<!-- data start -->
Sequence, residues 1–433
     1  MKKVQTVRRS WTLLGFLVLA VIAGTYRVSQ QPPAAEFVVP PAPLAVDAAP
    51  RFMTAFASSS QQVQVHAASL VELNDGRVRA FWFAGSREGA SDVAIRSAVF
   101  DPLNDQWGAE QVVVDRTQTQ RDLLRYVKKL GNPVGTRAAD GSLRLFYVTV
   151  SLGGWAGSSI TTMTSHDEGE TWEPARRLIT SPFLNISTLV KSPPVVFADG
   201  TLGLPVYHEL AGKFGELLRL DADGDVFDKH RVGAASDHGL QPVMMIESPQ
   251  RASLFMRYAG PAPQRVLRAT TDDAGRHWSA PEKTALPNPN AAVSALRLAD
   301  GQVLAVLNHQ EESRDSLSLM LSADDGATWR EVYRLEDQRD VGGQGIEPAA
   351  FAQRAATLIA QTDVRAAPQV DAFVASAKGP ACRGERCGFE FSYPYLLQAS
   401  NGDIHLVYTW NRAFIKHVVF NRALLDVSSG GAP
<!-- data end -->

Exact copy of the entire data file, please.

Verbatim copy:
Sequence, residues 1–433
     1  MKKVQTVRRS WTLLGFLVLA VIAGTYRVSQ QPPAAEFVVP PAPLAVDAAP
    51  RFMTAFASSS QQVQVHAASL VELNDGRVRA FWFAGSREGA SDVAIRSAVF
   101  DPLNDQWGAE QVVVDRTQTQ RDLLRYVKKL GNPVGTRAAD GSLRLFYVTV
   151  SLGGWAGSSI TTMTSHDEGE TWEPARRLIT SPFLNISTLV KSPPVVFADG
   201  TLGLPVYHEL AGKFGELLRL DADGDVFDKH RVGAASDHGL QPVMMIESPQ
   251  RASLFMRYAG PAPQRVLRAT TDDAGRHWSA PEKTALPNPN AAVSALRLAD
   301  GQVLAVLNHQ EESRDSLSLM LSADDGATWR EVYRLEDQRD VGGQGIEPAA
   351  FAQRAATLIA QTDVRAAPQV DAFVASAKGP ACRGERCGFE FSYPYLLQAS
   401  NGDIHLVYTW NRAFIKHVVF NRALLDVSSG GAP